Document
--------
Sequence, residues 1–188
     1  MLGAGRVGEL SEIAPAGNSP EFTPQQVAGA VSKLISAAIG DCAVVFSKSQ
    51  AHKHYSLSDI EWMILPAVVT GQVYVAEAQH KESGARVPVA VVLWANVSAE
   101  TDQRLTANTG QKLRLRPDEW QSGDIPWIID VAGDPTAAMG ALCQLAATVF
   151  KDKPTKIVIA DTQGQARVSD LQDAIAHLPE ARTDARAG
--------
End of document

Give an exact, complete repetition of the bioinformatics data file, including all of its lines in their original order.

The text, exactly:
Sequence, residues 1–188
     1  MLGAGRVGEL SEIAPAGNSP EFTPQQVAGA VSKLISAAIG DCAVVFSKSQ
    51  AHKHYSLSDI EWMILPAVVT GQVYVAEAQH KESGARVPVA VVLWANVSAE
   101  TDQRLTANTG QKLRLRPDEW QSGDIPWIID VAGDPTAAMG ALCQLAATVF
   151  KDKPTKIVIA DTQGQARVSD LQDAIAHLPE ARTDARAG